Your balanced hips and shoulders are fabulous in every sense of the word, and they don’t need any help getting attention, but your waist needs the upper hand. It’s a little quieter, more subtle, but just as lovely when people can see past your perfectly balanced hips and shoulders long enough to pay attention to it.

So basically, your shoulders and hips have everything going for them already. Don’t help them steal the spotlight from your equally lovely, but not always as noticeable, waistline by giving them a microphone and theme music too.

The goal for dressing the rectangle is to shine the spotlight down at your narrow waist so it gets equal treatment and attention.

We want to bring the eye in from your balanced shoulders and hips and define your waistline. You can do this two ways. Either define the waist by dividing the torso, splitting up the shoulders and hips – divide and conquer!- and visually pull the waist in, or you can accentuate your waist and shine a spotlight on how narrow it is by adding volume to the hips and shoulders.

Both achieve the same effect by shining a spotlight on the waist and making it appear smaller than the hips and shoulders by drawing the eye in. Remember though, whatever you do to add volume or attention to the shoulders, the hips need equal treatment to maintain their balance.

Alternatively, you can make your waist appear slimmer by visually pulling it in but leaving the upper and lower body as is.

The Biggest Outfit Mistakes a Rectangle Makes

Many rectangle women choose outfits that skim their shape from top to bottom because they often have that enviable smooth outline, but this allows your naturally balanced shoulders and hips to steal the spotlight, and your waist gets none of the love. Alternatively they go for the oversized, tunic/shapeless look if they want to hide their midsection or other perceived imperfections, particularly if they’ve gained weight.

This outfit is too shape-skimming.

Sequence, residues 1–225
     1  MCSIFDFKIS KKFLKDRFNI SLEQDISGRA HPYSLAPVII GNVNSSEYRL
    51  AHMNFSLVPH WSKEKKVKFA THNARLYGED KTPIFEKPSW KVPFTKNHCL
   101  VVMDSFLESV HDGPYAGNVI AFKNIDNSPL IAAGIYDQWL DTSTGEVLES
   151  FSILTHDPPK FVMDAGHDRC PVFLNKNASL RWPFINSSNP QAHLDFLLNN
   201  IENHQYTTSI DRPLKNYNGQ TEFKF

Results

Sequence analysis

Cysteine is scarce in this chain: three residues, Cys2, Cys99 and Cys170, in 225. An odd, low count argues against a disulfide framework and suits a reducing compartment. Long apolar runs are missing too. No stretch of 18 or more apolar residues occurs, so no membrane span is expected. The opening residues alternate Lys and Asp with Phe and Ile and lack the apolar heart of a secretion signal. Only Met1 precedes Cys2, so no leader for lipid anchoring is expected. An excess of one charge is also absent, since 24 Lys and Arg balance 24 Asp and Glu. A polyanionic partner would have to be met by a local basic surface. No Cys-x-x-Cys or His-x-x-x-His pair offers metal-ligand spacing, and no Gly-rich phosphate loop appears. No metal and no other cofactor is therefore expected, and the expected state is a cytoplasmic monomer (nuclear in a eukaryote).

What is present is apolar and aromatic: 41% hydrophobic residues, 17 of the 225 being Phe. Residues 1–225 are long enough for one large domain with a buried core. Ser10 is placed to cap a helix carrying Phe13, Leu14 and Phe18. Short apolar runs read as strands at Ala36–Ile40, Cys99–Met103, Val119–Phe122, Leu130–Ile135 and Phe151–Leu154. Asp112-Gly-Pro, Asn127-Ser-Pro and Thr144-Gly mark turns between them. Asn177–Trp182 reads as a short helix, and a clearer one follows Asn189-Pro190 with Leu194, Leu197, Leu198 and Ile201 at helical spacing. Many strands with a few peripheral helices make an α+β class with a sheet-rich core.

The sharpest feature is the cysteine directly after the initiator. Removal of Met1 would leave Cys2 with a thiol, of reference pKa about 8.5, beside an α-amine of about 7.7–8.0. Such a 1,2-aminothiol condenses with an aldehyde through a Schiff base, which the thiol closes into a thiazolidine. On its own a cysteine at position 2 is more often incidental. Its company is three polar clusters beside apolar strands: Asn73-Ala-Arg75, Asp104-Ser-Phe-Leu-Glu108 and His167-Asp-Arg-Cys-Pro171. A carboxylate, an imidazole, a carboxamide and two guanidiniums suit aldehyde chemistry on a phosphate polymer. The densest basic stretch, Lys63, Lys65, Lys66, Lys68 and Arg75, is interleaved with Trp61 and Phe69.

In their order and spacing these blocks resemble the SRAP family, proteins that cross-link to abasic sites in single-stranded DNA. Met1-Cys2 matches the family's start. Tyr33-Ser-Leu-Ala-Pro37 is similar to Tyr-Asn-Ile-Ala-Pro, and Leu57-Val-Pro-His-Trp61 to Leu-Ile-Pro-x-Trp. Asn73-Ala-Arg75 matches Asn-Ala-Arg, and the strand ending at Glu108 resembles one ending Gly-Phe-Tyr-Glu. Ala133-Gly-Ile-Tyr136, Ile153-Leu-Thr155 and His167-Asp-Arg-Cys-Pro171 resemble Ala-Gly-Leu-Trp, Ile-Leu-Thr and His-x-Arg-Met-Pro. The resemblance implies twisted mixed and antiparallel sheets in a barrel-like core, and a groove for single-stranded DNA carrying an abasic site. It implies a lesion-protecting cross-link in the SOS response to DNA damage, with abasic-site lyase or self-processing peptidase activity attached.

Kate Middleton wearing a tunic top.
This outfit is too boxy.
Kate Middleton wearing a striped shirt with navy wide-leg trousers.
This outfit is balanced.

This isn’t necessary and doesn’t achieve the desired result anyway! Nothing needs to be hidden or covered, and none of your fabulous features get to shine! Instead of showing every part of your figure’s outline or drowning it in fabric, let your perfectly balanced hips and shoulders frame your waist (even if it’s not what you think is perfect), so we get to see the best of you!

You truly have a chameleon body shape that can look any way you want it to. Learning to dress your rectangle-shaped body so you highlight your best assets will give you the confidence to finally embrace your gorgeous shape!

7 thoughts on “Do I Have a Rectangle Body Shape?”

  1. Thanks April! Yes, knew I was a rectangle and always like to define my waistline. However, I didn’t know why. Sadly I have gotten sucked into the tunic look on occasion. (fashion marketing). Then when I see a photo of me wearing the loose top, it’s like “oh no”!
    Thank you again for sharing your SS secrets !
    Peggy Ann

    1. You’re not the only one! My course, Style Your Silhouette goes through everything in detail so you know exactly what works best for your body shape and then you can choose what you wear with that understanding. The doors are closed but we will open them again this spring. You can learn more and join the waiting list at


    So I know I am a rectangle but seems I have a long torso (>2 hands from bra band to navel) and short legs with 29″ inseam. Due to significant weight loss (60lbs) I have alot of excess skin/spare tire on lower abdomen making ideal styles for a rectangle not look right on me. High rise pants are more like midrise. Muffin top which on me is below my waistband creating a tire. Very skinny legs relative to my midsection. My butt or belly falls out of typical bathing suit leg openings. I feel so horrible about how it all looks so tend to wear yoga pants and leggings, looser curvy style dresses, not skirts or shorts. Pull on jeans etc always fall down on me lol. Struggle to find the right fit.

  3. I am stuck. Am I a pear or rectangle? I gain weight first in my bottom and thighs, and my hips come out to their widest point at the top of the thigh. However, calculations place me as a rectangle.

    I work out. Through cardio, strength training and nutrition, my proportions have changed. My shoulders are broader. My hips narrower (and lifted); still a slight pear shape from the rear. On the balance toward the rectangle side, I have a muscular and athletic look. I put on defined muscle when I workout. I wear a larger top than bottom. So – which way do I go?